Based on previous history of tumor, the imaging and the histopathology findings, our patient was considered in splenic and intramammary metastatic relapse from the squamous cell carcinoma of the cervix.
She undertook a chemotherapy regimen based on paclitaxel 175mg/m2 and cisplatin 50mg/m2 every three weeks, with poor tolerance after three cycles and poor general condition, with a performance status of three according to Eastern Cooperative Oncology Group (ECOG) criteria. For that reason, we stopped chemotherapy and our patient died three months later.
Cervical cancer is one of the most common malignant diseases in women worldwide. The pattern of metastatic diffusion initially involves pelvic lymph nodes, followed by para-aortic nodes and then distant sites. The most frequent sites of distant recurrence are lungs, extrapelvic nodes, liver, and bones .
The breast is an exceptional site of metastasis from cervical carcinoma and generally occurs in widespread disease, with multiple other metastatic sites, notably lung metastases . Our patient had breast and splenic metastasis, another unusual site, without other localizations.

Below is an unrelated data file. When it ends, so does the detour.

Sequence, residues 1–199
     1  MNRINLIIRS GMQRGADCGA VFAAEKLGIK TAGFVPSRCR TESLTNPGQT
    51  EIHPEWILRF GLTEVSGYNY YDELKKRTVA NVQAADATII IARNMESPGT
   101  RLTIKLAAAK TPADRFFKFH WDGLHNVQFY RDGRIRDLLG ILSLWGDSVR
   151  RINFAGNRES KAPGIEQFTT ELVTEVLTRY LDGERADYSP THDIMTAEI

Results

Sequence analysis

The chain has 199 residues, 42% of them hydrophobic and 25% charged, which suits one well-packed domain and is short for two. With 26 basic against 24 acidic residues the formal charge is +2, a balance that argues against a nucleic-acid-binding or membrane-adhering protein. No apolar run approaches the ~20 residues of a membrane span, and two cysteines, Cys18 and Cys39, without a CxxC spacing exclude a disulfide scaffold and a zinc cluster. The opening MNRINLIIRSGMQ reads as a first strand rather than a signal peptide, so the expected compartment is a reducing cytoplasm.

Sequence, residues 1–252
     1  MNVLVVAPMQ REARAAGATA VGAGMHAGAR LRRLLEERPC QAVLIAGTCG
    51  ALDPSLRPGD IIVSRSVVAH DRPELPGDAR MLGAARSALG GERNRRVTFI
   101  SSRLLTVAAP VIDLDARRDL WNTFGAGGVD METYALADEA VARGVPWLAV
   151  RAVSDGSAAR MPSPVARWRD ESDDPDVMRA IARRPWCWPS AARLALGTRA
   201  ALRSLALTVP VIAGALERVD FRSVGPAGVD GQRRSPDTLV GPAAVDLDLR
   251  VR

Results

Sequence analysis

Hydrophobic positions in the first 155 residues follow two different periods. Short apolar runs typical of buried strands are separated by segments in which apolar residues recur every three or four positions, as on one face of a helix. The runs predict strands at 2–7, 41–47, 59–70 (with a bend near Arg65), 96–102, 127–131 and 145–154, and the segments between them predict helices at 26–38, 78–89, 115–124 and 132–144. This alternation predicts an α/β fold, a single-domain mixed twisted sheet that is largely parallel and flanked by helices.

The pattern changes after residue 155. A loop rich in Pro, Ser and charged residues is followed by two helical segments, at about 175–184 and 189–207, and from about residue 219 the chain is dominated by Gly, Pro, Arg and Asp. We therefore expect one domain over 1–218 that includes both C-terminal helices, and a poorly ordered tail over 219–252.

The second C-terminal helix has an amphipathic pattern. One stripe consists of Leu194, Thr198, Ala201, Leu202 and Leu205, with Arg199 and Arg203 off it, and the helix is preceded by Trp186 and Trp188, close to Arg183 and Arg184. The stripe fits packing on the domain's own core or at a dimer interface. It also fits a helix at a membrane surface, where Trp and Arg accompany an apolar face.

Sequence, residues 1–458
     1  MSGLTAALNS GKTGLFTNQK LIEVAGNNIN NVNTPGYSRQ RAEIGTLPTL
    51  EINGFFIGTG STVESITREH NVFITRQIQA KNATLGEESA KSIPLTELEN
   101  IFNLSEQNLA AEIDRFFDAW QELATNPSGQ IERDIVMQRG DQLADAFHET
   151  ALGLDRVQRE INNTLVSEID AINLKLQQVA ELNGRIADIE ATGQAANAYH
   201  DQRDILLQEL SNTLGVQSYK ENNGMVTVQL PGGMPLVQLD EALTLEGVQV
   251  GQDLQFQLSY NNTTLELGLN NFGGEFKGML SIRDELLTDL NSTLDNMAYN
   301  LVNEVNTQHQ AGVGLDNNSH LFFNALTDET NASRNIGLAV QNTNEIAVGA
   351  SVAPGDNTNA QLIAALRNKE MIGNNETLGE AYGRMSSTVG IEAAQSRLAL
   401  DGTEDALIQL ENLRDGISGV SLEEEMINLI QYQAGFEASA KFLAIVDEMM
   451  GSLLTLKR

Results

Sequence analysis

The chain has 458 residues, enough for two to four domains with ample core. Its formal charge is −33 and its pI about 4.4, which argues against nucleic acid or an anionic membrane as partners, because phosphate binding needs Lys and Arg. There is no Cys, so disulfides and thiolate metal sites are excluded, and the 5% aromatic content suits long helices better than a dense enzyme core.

The splenic isolated metastasis is exceptional in solid tumors, occurring approximately in 1% of the autopsy studies . And squamous cervical carcinoma origin has been reported in only three cases in the literature [3–5].
The breast metastases pose a major differential diagnosis with primary breast cancers whose management and prognosis are different. A comparison of clinical and pathological data is needed for a correct diagnosis. An immunohistochemical study if of interest, especially if the breast tumor is revealed . In our patient, the history of cervical cancer was very helpful and clinically suggestive of mammary metastasis.